I recently read a book that I’ve been thinking about often and sharing with anyone who will listen to me: Why They Can’t Write by John Warner. I found myself shaking my head in agreement and laughing out loud sometimes as he spoke about writing issues – including the five-paragraph essay, grammar, technology, rigor, grades, and more. My book is filled with underlines, dog-eared pages, brackets, stars, “Yep!”, “Wow!”, “Hmmm…”, and even the occasional sad face.
My initial idea for this post was to be more of a book share than anything else. The problem is that many of the issues that Warner points out regarding writing instruction have come rushing at me in real life. One time was with my daughter who is a senior and who shared her Common App essay with me. And again with my older daughter who is in her second year of college, who shared an essay this past week for an ‘Intro to Diversity’ course. Both girls are struggling/have struggled with how to approach their writing requirements. I thought of them as I was reading the book and about the writing they’ve done in school. Honestly, I thought about my own experiences in middle and high school where I was taught to follow a structure and could write a five-paragraph essay like nobody else. The problem was that when I got to college, I didn’t know how to think or to write while conveying my own ideas.
There are many things in Why They Can’t Write that are important for writing educators today to think about. I’m struggling to come up with just a few nuggets to share, but based on my personal connections, I chose a few as some next steps that teachers could ponder (this is only in Chapter One called “Johnny Could Never Write”):
- “Writing is hard” (11). I think I’ve said this three times to classes full of students this week and at least four times with my colleagues. It isn’t supposed to be easy. The growth and learning come as students struggle. When we over-scaffold or provide structures at every turn, will our writers ever have to work hard? Warner equates a structure – such as the five-paragraph essay – to training wheels on a bike. If we take the struggle out of writing by providing a structure, will our students learn how to write well and independently?
- “Writing is a skill, developed through deliberate practice” (12). I think teachers know this. I know that football coaches do and so do dance instructors and violists. Writing teachers know this too but there are things that keep us from giving students the practice they need: large class sizes (150 pieces of writing to look at), deliberate practice time set aside IN CLASS, and thoughtful, purposeful writing tasks that seem too difficult to model or plan for. How do we move forward and allow our students this practice time? I think teachers have to be mindful of feedback versus assessment and what is and what isn’t graded. There are ideas in this book but there are also giants in the ELA world that offer suggestions, like Kelly Gallagher, Penny Kittle, Lucy Calkins, and others. What can they offer that we can put into use in our English classrooms?
- “We overestimate our own proficiency at writing” (13). I am almost 50 years old and don’t consider myself a good writer. (In fact, as I reread this, I noticed that I sometimes don’t make much sense.) I’m trying but I still send emails with mistakes – even if I’ve read it over and over again. What if teachers wrote beside their students all the time and were judged on the same standards we are judging students on? That makes me nervous just thinking about it.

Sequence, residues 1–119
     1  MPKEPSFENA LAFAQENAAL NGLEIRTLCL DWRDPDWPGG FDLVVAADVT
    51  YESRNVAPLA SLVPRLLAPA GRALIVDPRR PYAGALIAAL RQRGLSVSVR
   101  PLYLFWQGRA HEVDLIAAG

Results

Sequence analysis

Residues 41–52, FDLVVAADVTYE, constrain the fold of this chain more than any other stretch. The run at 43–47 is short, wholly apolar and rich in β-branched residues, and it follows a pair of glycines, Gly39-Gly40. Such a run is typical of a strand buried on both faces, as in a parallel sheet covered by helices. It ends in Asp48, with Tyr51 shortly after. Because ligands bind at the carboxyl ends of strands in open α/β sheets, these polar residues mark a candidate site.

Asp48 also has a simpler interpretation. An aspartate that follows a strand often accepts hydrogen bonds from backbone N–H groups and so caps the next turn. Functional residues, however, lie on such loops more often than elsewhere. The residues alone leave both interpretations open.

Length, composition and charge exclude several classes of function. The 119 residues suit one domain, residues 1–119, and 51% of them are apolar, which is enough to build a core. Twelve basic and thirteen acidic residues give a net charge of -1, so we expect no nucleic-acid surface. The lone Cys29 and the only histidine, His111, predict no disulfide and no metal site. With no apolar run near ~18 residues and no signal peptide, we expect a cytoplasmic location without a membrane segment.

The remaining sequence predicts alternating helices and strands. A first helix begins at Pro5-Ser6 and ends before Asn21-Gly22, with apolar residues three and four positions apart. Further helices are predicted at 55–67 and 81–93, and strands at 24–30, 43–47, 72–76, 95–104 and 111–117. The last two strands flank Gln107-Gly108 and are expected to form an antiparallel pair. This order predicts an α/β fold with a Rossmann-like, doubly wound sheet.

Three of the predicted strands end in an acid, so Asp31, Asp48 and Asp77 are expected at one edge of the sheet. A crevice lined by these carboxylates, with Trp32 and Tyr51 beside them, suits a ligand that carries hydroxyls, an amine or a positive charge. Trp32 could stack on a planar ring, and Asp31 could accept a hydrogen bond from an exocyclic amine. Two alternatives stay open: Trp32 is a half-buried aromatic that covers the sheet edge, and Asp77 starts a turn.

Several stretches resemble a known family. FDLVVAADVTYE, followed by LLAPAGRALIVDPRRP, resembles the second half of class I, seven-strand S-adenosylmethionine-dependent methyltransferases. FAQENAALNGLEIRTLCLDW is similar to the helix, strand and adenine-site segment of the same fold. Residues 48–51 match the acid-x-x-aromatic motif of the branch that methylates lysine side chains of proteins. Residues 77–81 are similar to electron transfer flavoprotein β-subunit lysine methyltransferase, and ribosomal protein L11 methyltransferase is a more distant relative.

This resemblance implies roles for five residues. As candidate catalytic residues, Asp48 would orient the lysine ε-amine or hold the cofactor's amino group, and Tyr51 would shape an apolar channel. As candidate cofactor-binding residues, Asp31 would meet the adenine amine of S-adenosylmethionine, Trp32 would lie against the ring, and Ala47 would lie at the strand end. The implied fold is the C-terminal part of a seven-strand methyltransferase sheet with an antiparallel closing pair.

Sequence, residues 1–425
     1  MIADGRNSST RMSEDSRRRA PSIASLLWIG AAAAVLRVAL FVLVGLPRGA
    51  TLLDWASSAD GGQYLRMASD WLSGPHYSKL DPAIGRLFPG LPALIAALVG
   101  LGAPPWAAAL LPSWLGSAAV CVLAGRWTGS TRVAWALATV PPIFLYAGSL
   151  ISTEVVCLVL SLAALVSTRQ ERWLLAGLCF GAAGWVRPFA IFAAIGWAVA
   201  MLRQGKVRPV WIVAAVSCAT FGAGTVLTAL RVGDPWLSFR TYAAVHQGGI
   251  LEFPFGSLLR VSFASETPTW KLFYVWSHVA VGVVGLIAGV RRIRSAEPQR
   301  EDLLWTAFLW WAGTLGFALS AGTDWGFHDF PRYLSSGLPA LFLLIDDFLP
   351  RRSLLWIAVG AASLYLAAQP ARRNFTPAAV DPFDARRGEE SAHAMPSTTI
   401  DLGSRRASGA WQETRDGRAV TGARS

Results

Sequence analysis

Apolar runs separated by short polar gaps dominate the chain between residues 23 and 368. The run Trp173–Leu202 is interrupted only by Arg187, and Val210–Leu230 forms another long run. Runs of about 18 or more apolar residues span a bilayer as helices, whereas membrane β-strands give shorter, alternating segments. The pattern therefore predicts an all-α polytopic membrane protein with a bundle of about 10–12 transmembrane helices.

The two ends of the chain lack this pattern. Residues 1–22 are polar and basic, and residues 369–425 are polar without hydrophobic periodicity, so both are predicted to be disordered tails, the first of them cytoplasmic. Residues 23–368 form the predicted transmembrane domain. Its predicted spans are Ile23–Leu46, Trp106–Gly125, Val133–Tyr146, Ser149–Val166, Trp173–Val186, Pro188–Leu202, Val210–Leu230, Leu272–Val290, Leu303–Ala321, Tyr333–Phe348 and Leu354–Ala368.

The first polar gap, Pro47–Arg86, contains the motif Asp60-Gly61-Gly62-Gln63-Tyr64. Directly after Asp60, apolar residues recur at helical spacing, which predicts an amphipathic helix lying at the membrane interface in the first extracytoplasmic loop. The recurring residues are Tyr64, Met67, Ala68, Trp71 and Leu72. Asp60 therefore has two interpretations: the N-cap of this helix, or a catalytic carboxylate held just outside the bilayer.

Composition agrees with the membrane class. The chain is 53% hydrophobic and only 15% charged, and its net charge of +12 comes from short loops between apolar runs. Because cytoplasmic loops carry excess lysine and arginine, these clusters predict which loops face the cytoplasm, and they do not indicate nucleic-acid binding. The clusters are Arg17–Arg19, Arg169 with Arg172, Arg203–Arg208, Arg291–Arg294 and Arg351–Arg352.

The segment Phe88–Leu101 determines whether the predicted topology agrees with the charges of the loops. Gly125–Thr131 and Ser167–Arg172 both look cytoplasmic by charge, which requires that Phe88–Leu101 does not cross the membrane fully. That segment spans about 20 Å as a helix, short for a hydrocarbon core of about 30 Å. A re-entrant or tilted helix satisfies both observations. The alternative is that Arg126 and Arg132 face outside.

- “We overestimate our past proficiency at writing” (13). I imagine that at one point I thought I was a good writer – back when I was getting solid A’s in high school English. I was NOT a good writer which my college professors would attest to. But I am trying and I challenge all teachers of writing to try. How do we know what our learners are going to struggle with if we haven’t tried it ourselves?
- “We hold students to wrong/unreasonable standards” (14). Correctness seems to be what many students – even middle school students – are most worried about. Is this spelled correctly? How many sentences does this have to be to get an A? Will I get all 4’s on the rubric with this narrative? I think we have to figure out, as educators, what our goals are for our writers and keep that in the forefront of our minds as we plan and invite our students to write. I think we also have to think about how we communicate the expectations to students and how we use our minilessons and our small group/individual instruction to teach students how to independently reach those standards.
If you can’t tell, I enjoyed Why They Can’t Write. It brought up a lot of emotions for me. It has suggestions on how to think about writing in a classroom – even if you don’t teach College Comp in high school or college. It addresses grammar which is often “the elephant in the room”. It challenges the status quo of writing instruction. It is a book that will make you think.
The remainder of Warner’s quote from the picture at the beginning of this post is “…an act where we determine what we mean to say by attempting to say it” (16). This is exactly what I experienced as I created this reflection. I wrote in order to respond to my strong reaction to the book and to explore the feelings and teaching ideas that sprung from it. I figured out what I wanted to say as I wrote and revised and leaned on the expertise of my writing group to cut out what I didn’t need and to elaborate on what I did need. What an amazing exercise I’ve had as a writer! Hopefully, we can think about how we continue to allow our students this important opportunity.
Warner, John. Why They Can’t Write. Baltimore: John Hopkins University Press. 2018.